Bug’s big award

Circular Head Mayor Daryl Quilliam and Rural Health HIPPY coordinator Leanne Marsden are chuffed that the community’s ‘Reading Bug Egg’ literacy project was a recipient of one of the 2016 Local Government Awards for Excellence. Picture: Ashleigh Force.

Project. Circular Head’s ‘Reading Bug Egg’ has been recognised on a state level, winning an award in the 2016 Local Government Awards for Excellence.

The project, which aimed to encourage reading and a love of stories among children, was the winner in the ‘Delivering Excellence – Smaller Councils’ category.

The award was presented to Circular Head Council, on behalf of what was described as ‘A Whole of Community Literacy Project’.

There to accept the award during the annual Local Government Association of Tasmania (LGAT) conference on Friday, alongside staff and councillors, was Mayor Daryl Quilliam.

“It’s great that our community was recognised for a huge effort of everyone pulling together and getting on board,” he said.

“It was fantastic to be able to show the rest of the state we’re doing something that’s proactive.”

Mayor Quilliam, who is the chairperson of statewide 26TEN Coalition, said the launch of the initiative in November 2014 was at first a “novel event”.

“As it progressed, the longer you thought about it, the more you realised how important it was,” he said.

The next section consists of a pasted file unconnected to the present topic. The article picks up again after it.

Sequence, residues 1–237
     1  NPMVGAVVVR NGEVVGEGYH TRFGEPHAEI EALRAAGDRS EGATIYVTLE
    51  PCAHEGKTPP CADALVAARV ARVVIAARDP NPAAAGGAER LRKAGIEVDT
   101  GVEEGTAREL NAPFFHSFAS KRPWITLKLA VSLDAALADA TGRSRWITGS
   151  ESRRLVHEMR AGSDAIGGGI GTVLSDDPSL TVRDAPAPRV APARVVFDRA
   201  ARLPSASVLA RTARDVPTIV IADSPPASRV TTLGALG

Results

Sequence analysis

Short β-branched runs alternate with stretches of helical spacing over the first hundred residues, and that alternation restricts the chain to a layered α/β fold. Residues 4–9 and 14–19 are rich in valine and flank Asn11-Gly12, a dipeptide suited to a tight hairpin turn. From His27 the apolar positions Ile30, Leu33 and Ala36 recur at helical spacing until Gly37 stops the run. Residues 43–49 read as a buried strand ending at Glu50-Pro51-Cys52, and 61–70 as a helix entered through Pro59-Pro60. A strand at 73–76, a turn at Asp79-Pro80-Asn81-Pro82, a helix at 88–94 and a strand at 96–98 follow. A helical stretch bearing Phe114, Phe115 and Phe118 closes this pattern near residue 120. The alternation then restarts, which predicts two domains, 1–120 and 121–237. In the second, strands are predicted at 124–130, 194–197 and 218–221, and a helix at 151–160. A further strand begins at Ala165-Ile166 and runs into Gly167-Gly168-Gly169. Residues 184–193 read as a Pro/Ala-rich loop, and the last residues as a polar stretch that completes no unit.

“It captivated the attention of people to a huge extent.”

In accepting the award, Mayor Quilliam’s speech reflected on the project’s role in lifting literacy in the region. He spoke of the Reading Bug Egg’s focus on parents, particularly fathers, taking time each day to read to their children.

The initiative was introduced to Circular Head through Rural Health HIPPY coordinator Leanne Marsden, who was impressed by a similar concept on the mainland.

She said it was a collaborative effort, with funding from the council’s Circular Head Education and Training Consultative Committee, HIPPY Australia and support from many other community groups and individuals to see the project to fruition: from discovery to hatching over the span of 10 months.

A total of 2859 books had been read to the egg throughout this time, engaging the community’s youngest readers with the promise of the egg hatching once enough books had been read.

“It was a great success!” Ms Marsden said.

“It did involve the whole community to get on board and had more kids reading books.”

A similar initiative is now set to take place in Burnie, through the Police and Community Youth Club.

Rural Health’s HIPPY (Home Interaction Program for Parents and Youngsters) welcomes children of pre-school age to enrol. Children born in 2012 and 2013 are eligible to join now. For more information contact Leanne Marsden at Rural Health on 6452 1266.


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